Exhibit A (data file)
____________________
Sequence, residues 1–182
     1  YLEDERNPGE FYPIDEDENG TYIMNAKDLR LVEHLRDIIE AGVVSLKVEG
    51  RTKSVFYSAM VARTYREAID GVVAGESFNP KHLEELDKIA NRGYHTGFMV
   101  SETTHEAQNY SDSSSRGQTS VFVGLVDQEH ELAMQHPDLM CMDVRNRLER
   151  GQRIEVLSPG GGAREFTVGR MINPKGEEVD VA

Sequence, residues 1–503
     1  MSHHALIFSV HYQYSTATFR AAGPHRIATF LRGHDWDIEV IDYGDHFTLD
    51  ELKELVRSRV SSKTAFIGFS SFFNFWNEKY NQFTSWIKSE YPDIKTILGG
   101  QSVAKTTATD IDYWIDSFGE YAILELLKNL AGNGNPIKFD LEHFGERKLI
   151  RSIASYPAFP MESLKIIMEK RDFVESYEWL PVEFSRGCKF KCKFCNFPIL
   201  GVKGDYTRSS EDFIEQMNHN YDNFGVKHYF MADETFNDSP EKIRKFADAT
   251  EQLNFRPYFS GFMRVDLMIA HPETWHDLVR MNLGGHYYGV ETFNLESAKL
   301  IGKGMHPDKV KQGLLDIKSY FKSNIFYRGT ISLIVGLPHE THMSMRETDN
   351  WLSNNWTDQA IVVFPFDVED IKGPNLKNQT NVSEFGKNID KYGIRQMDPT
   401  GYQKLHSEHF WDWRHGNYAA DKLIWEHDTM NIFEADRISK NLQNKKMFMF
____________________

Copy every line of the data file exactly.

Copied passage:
Sequence, residues 1–182
     1  YLEDERNPGE FYPIDEDENG TYIMNAKDLR LVEHLRDIIE AGVVSLKVEG
    51  RTKSVFYSAM VARTYREAID GVVAGESFNP KHLEELDKIA NRGYHTGFMV
   101  SETTHEAQNY SDSSSRGQTS VFVGLVDQEH ELAMQHPDLM CMDVRNRLER
   151  GQRIEVLSPG GGAREFTVGR MINPKGEEVD VA

Sequence, residues 1–503
     1  MSHHALIFSV HYQYSTATFR AAGPHRIATF LRGHDWDIEV IDYGDHFTLD
    51  ELKELVRSRV SSKTAFIGFS SFFNFWNEKY NQFTSWIKSE YPDIKTILGG
   101  QSVAKTTATD IDYWIDSFGE YAILELLKNL AGNGNPIKFD LEHFGERKLI
   151  RSIASYPAFP MESLKIIMEK RDFVESYEWL PVEFSRGCKF KCKFCNFPIL
   201  GVKGDYTRSS EDFIEQMNHN YDNFGVKHYF MADETFNDSP EKIRKFADAT
   251  EQLNFRPYFS GFMRVDLMIA HPETWHDLVR MNLGGHYYGV ETFNLESAKL
   301  IGKGMHPDKV KQGLLDIKSY FKSNIFYRGT ISLIVGLPHE THMSMRETDN
   351  WLSNNWTDQA IVVFPFDVED IKGPNLKNQT NVSEFGKNID KYGIRQMDPT
   401  GYQKLHSEHF WDWRHGNYAA DKLIWEHDTM NIFEADRISK NLQNKKMFMF